Monday, January 12, 2009
The Border Between Calm and Catastrophe
There is a deeply ambivalent feeling about the rise of digital among the hardwired film fans I know. (And I am one of them.)
The prevailing wisdom is that digital is taking over in all avenues of media, that film as a production medium is dead, that all film will be forgotten, including the very experience of watching film.
That's actually all likely. Most t.v. and all major motion pictures are created on digital media and edited, colored, adjusted and outputted by computers now. There is no "negative." There is no physical object that is worked as an artisan in the old sense of the word might do, or have done for the last 100 years of Hollywood's history. Indeed there is no original object by which we can ever go back to "restore" or save from the dustbin of time.
Digital is so resolutely and stubbornly of the now, and has no reverberant history or meaning beyond its present tense of today's transmission. No remnant of history, but rather just a shiny but shallow reflection, of what it captures. And, in many ways, of the industry itself.
But digital imagery is so pretty. The images are clear in a way that goes beyond mere photographic indexical capturing - hobbled and abstract as it tends to be. Film does not capture everything in front 0f it- only a trace, the light traces. The "art of film" has always depended upon what aspects of that light (the reflections on the street, the highlights in Garbo's eyes) that the filmmakers choose to capture.
HD manifests clearly a bit-streamed millions of colors at a level that goes (at least 1%) beyond the human ability to discern differences in the subtlest shades in the palette. When digital is presented by a carrier that can accurately (that is, electronically bit by bit) address and convert all the information of a hi-def moving-image to a screen or display, the images transform to a hyperreal, hyper-present, and hyper-modern reflection of what happened in front of the camera lens.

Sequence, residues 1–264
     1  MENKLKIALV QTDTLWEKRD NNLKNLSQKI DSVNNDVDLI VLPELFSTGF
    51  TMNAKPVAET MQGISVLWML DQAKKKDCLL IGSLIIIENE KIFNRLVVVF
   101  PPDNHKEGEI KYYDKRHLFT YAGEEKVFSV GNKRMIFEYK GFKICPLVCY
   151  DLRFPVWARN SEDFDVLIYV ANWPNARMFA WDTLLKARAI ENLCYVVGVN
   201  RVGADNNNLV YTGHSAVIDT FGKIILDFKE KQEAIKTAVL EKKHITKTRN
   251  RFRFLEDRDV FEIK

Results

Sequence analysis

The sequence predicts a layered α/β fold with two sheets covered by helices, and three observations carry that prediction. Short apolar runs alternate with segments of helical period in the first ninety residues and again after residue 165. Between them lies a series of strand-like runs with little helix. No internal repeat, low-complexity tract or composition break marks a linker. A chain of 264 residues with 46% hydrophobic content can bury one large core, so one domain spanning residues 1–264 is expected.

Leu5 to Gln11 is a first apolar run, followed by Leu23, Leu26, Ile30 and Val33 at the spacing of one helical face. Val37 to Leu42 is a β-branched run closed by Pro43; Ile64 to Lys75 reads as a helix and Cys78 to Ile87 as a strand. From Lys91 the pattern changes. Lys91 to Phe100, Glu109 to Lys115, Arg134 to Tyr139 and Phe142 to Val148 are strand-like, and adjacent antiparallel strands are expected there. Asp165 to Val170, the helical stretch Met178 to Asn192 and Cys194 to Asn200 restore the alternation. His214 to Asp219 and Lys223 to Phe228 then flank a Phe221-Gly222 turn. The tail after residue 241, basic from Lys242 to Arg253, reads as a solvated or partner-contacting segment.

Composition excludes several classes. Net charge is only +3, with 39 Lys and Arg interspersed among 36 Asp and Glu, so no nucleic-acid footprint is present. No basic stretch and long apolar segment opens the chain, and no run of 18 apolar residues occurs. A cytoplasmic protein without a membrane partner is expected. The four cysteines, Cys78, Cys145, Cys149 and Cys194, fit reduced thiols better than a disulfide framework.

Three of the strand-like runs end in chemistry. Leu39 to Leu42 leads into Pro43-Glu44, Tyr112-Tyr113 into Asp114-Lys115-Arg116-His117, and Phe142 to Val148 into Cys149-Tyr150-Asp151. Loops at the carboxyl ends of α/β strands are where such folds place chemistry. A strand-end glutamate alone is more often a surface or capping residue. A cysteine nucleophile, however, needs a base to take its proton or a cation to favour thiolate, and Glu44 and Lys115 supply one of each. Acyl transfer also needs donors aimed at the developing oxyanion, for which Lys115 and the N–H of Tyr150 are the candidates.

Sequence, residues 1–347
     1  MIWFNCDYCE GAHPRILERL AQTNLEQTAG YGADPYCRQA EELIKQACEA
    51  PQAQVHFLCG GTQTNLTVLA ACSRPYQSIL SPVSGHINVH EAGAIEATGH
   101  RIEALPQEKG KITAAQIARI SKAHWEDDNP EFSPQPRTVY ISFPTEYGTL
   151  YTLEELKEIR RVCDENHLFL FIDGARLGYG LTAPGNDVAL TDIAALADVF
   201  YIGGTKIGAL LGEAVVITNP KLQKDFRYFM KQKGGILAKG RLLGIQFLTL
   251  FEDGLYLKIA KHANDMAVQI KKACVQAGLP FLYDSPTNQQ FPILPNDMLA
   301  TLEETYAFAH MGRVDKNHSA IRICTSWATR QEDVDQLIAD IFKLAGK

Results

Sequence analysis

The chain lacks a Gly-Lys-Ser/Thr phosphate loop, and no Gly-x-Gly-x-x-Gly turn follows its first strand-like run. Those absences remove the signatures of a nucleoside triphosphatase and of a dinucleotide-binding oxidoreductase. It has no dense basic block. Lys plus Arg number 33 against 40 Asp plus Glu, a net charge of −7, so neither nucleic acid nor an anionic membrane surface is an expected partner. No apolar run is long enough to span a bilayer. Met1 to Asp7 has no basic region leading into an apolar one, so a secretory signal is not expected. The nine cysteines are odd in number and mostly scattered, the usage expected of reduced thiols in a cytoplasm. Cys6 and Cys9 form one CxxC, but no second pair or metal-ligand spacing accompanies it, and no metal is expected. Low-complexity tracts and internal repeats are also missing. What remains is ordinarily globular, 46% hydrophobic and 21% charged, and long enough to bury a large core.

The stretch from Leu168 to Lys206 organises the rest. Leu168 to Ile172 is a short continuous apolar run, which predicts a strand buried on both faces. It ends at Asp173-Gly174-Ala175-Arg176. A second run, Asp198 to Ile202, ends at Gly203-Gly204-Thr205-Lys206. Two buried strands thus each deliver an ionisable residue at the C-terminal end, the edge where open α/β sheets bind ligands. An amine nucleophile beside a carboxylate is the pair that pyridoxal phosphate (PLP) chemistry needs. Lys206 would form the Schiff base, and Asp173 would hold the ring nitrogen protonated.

It has an intoxicating assertiveness that goes beyond any deconstructive arguments about the indexical limits of a photo-chemical filmed image. Digital is culturally savvy, it is urgent, and it is portable. It is anonymous, democratic, and non-empirical.
It is crystal clear. It's transparent.
To insist in the old modes of production creates a kind of self-imposed obsolescence. So we find ourselves rushing to embrace the beauties of digital cinema and the new modern mode of spectatorship that it engenders.
The unexpected, yet unmourned fall of the previous 100-year reign of film troubles us. We "know" how to do film, and find comfort in its relatively conservative cache. Yet the glitz and glamour of digital seduces us.
So do we follow our worst (or is it best) impulses? Do we allow ourselves to be seduced by what we want over what we know? By what makes us comfortable? Or do we engage the future, even though we're understandably suspicious we'll regret it? And will have lost our innocence and what we don't even know is important until it's gone?
Do we jump?